The acclaimed author of An Unquiet Mind considers the age-old quest for relief from psychological pain and the role of the exceptional healer in the journey back to health.
“To treat, even to cure, is not always to heal.” In this expansive cultural history of the treatment and healing of mental suffering, Kay Jamison writes about psychotherapy, what makes a great healer, and the role of imagination and memory in regenerating the mind. From the trauma of the battlefields of the twentieth century, to those who are grieving, depressed, or with otherwise unquiet minds, to her own experience with bipolar illness, Jamison demonstrates how remarkable psychotherapy and other treatments can be when done well.
She argues that not only patients but doctors must be healed. She draws on the example of W.H.R. Rivers, the renowned psychiatrist who treated poet Siegfried Sassoon and other World War I soldiers, and discusses the long history of physical treatments for mental illness, as well as the ancient and modern importance of religion, ritual, and myth in healing the mind. She looks at the vital role of artists and writers, as well as exemplary figures, such as Paul Robeson, who have helped to heal us as a people.
Fires in the Dark is a beautiful meditation on the quest and adventure of healing the mind, on the power of accompaniment, and the necessity for knowledge.
About the Author
KAY REDFIELD JAMISON is the Dalio Professor in Mood Disorders and a professor of psychiatry at the Johns Hopkins University School of Medicine, as well as an honorary professor of English at the University of St. Andrews in Scotland. She is the coauthor of the standard medical text on bipolar disorder and author of An Unquiet Mind, Night Falls Fast, Exuberance, and Touched with Fire. Her most recent book, Robert Lowell: Setting the River on Fire, was a Pulitzer Prize finalist. Dr. Jamison is a Fellow of the American Academy of Arts and Sciences and of the Royal Society of Edinburgh. She is a recipient of the Lewis Thomas Prize, the Sarnat Prize from the National Academy of Medicine, and a John D. and Catherine T. MacArthur Fellowship.
“The desperate, uncertain, even heroic attempt to heal is at the center of Jamison’s new book . . . It is a kaleidoscopic vision of treatment and recovery that reflects her own passionately varied intellectual life. One through-line in her book is the constant nearness of loss, of pain, of suffering . . . But most of all, her work is replete with the kindnesses she has encountered in her long experience struggling with, and thinking about, mental illness.” —The New York Times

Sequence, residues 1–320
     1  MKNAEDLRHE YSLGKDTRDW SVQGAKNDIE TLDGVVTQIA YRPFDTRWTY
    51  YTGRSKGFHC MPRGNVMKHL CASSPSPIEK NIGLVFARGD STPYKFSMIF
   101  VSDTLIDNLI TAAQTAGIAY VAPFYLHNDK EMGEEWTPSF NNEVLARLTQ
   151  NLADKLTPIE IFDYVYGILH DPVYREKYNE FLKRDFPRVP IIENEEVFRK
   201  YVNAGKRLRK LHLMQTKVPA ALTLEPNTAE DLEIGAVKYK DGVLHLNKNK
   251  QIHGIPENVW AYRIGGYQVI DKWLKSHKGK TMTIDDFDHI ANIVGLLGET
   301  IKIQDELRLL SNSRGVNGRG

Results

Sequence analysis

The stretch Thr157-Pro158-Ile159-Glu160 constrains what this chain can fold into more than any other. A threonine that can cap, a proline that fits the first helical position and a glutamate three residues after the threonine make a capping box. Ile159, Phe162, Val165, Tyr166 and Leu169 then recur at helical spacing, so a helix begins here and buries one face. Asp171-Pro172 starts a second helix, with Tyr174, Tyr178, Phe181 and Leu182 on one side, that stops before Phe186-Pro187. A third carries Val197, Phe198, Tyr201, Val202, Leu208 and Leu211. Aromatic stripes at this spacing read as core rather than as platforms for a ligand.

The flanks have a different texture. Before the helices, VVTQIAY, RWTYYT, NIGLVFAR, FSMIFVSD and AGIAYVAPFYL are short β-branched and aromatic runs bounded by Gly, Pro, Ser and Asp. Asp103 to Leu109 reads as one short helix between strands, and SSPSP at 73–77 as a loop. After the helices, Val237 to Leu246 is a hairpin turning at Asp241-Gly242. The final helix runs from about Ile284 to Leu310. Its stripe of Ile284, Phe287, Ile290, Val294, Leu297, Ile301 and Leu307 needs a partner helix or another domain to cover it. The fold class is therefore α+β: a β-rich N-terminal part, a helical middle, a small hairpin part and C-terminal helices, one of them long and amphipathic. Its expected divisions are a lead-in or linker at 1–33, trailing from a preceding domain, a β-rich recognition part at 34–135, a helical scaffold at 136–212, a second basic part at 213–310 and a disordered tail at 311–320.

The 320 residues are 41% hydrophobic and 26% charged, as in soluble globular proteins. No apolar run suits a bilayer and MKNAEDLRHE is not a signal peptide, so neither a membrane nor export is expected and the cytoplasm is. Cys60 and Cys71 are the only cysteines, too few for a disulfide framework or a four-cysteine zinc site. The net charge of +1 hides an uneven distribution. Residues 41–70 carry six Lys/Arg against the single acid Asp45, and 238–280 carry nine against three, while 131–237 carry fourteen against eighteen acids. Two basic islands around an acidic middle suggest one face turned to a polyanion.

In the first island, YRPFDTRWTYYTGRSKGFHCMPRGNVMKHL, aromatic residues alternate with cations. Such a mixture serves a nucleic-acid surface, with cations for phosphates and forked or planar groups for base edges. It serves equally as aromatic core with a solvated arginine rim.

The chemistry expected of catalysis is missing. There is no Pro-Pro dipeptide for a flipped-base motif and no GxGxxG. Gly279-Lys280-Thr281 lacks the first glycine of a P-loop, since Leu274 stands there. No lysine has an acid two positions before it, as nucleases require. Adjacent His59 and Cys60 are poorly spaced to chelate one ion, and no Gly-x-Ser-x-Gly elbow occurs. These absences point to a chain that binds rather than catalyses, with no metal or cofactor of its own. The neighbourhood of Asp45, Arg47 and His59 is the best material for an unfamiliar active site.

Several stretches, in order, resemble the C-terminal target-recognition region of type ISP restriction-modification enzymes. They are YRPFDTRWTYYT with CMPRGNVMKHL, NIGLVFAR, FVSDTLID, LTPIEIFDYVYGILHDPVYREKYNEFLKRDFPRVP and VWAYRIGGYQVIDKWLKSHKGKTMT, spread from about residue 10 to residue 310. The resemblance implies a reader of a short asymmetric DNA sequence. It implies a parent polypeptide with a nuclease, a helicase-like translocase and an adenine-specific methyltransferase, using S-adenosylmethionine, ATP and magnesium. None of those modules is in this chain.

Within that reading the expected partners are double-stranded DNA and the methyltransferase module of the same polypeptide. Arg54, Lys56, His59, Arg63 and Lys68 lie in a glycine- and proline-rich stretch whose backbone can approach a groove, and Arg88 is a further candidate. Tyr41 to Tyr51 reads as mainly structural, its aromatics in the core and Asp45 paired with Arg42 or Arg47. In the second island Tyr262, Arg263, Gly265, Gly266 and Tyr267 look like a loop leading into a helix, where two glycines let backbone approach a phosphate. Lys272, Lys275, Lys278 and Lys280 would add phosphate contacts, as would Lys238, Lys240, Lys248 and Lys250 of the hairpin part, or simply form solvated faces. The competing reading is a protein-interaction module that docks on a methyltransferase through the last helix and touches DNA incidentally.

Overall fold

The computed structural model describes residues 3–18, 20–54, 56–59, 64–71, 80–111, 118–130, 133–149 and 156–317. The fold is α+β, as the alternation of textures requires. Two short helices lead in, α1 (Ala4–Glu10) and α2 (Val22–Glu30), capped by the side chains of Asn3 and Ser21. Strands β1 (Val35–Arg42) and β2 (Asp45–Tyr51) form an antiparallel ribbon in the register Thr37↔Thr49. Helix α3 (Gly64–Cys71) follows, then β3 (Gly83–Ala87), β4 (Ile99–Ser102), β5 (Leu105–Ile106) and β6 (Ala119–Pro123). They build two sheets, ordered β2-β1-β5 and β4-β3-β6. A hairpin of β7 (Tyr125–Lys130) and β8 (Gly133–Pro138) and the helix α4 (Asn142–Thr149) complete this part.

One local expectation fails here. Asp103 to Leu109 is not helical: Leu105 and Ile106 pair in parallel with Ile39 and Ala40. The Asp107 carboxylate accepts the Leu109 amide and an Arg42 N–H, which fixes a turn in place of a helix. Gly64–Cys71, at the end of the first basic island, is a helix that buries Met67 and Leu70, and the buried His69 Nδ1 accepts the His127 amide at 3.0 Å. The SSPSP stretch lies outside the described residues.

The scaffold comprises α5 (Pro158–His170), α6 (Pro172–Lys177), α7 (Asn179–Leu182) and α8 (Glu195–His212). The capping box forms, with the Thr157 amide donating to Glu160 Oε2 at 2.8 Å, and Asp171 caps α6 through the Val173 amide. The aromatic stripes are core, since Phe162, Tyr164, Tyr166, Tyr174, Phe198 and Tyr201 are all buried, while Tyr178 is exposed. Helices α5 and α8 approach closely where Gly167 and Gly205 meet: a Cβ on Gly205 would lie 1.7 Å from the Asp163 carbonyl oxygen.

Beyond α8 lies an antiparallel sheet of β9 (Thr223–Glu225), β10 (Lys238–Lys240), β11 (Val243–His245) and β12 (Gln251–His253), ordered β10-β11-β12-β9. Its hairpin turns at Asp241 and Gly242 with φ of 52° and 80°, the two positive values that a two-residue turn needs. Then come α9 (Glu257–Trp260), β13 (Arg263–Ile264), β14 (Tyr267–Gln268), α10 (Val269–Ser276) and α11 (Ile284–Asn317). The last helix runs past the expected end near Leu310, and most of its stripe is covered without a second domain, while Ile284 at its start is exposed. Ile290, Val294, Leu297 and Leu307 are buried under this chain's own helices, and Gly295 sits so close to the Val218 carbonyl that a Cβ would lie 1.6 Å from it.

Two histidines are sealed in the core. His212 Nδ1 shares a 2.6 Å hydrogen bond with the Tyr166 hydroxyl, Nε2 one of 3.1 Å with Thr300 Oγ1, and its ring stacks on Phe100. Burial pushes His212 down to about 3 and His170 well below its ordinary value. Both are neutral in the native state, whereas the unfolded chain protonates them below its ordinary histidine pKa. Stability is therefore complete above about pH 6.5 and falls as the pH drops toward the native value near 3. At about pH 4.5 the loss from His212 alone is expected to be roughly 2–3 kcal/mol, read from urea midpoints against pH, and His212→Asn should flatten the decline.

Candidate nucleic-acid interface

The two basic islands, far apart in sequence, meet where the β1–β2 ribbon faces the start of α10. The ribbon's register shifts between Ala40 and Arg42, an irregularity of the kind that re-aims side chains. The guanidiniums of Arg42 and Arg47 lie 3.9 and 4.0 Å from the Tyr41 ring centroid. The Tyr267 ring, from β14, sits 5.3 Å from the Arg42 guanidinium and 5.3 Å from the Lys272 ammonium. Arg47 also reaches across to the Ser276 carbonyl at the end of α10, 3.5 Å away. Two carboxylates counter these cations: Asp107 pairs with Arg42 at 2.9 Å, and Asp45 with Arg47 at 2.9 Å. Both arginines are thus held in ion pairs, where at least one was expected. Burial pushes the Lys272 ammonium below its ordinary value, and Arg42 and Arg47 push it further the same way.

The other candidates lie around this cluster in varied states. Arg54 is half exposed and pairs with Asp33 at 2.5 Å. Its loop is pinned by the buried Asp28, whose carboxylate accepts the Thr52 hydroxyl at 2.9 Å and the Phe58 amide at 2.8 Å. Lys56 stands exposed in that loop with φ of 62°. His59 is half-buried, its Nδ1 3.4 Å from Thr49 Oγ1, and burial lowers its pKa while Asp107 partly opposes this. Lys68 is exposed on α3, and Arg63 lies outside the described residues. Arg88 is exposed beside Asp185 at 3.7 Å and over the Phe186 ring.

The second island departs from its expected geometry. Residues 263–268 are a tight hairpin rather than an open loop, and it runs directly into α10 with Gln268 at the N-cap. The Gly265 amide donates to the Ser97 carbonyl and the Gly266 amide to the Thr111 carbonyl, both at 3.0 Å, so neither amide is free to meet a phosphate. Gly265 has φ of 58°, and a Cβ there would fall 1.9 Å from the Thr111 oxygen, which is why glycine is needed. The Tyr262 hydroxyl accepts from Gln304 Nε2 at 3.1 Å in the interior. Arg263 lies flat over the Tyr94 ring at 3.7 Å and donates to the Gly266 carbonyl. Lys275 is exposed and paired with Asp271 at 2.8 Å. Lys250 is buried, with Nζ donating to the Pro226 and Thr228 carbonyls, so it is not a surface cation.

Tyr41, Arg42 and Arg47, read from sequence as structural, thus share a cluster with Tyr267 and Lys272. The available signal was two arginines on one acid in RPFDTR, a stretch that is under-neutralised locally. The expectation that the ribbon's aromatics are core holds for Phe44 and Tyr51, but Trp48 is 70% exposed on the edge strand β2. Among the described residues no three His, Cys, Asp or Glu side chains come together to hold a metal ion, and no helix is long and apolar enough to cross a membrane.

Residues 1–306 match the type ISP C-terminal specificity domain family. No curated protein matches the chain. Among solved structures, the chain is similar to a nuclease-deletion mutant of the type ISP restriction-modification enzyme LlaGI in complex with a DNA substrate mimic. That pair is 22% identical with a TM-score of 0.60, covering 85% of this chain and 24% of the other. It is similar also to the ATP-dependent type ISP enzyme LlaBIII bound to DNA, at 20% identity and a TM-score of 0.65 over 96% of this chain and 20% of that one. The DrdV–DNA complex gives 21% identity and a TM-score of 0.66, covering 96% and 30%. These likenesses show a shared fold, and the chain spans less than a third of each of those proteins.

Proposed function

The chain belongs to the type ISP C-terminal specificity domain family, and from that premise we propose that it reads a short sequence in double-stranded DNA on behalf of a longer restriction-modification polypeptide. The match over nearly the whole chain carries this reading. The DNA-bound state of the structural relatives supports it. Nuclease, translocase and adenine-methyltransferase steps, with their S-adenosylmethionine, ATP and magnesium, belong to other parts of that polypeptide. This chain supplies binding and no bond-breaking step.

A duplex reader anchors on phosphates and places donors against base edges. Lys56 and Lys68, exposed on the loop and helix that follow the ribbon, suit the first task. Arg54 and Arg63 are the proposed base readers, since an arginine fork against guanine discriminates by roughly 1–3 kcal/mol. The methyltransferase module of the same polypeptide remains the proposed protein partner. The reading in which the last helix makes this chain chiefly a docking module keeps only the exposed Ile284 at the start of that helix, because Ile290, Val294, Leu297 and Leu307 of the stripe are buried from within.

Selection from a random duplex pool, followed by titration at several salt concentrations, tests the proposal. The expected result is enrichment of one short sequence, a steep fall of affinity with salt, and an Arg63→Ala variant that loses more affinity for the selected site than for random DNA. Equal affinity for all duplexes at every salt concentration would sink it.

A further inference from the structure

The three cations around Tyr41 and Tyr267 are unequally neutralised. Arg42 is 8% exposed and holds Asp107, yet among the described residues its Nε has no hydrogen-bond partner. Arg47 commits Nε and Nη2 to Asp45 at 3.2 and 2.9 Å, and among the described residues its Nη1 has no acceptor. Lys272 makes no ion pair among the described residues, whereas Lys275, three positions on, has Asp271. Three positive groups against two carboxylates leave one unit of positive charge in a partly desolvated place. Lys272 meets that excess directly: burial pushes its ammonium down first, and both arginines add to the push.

“Jamison is a beautiful writer with a vast store of knowledge . . . Her book contains a blueprint for finding a way out of darkness—a great gift for anyone who sometimes struggles to overcome psychic pain.” —The Washington Post
"Psychologist Jamison (The Unquiet Mind) brings personal and professional insight to this rigorous , deeply felt meditation on psychological healing....An eloquent, wide-ranging, and edifying look at healing relationships of all kinds." —Publishers Weekly (starred review)
“A humane, elegantly written contribution to the literature of trauma and care . . . Jamison opens with a graceful portrait of Sir William Osler (1849-1919), the medical pioneer recognized by American doctors a century later as “the most influential physician in history . . . [and] moves on to a consideration of the ancient connections of healing, ritual, and magic, some of which come into play in modern therapy. Along the way, while looking further at stress- and trauma-borne illness, the author studs her narrative with luminous figures such as Paul Robeson and Robert Graves.” —Kirkus Reviews (starred review)
“Jamison, the exquisite chronicler of her own unquiet mind, reflects on the process—and adventure—of healing in this beautiful cultural, historical, and creative exploration of what makes us whole. She introduces us to the groundbreaking work of World War I physicians working with shell-shocked soldiers; delves into public grieving; and brings in the mythic patterns and imaginative literature we need as touchstones for relief. Jamison’s elegant prose, imbued with personal warmth and deep humanity, is itself a solace, lighting the way on the path that leads us to a more peaceful present and imaginative future.” —Lori Gottlieb, New York Times bestselling author of Maybe You Should Talk To Someone and co-host of the "Dear Therapists" podcast
“Like all of Kay Redfield Jamison’s books, Fires in the Dark is a wonderful blend of rigorous scholarship and intimate address. As she tracks the history of American (and, specifically, Baltimorean) medicine through the First World War, explores the relationship between war poets and early healers of the mind, then explores their influence and effect in wider as well as more personal settings, she creates a history of healing, which is at once thrilling in its scope and deeply touching in its particular details.” —Andrew Motion, Poet Laureate of the United Kingdom, 1999–2009
“Kay Redfield Jamison has been a singular voice blending lived experience, science, and poetry to help us fathom the depths and heights of mental illness. In Fires in the Dark, she guides us through the mystery of healing, exploring psychotherapy from its ancient roots to its refinement during the First World War, linking healing to art, suffering, and courage. She once again brings together the wisdom of experience, compelling narrative, and poetic insights to reveal what it takes to heal the mind. She calls this book an ‘archipelago of thoughts, experiences, and images.’ For anyone interested in healing, it is a string of islands not to be missed.” —Thomas Insel, MD, author of Healing and former director of the National Institute of Mental Health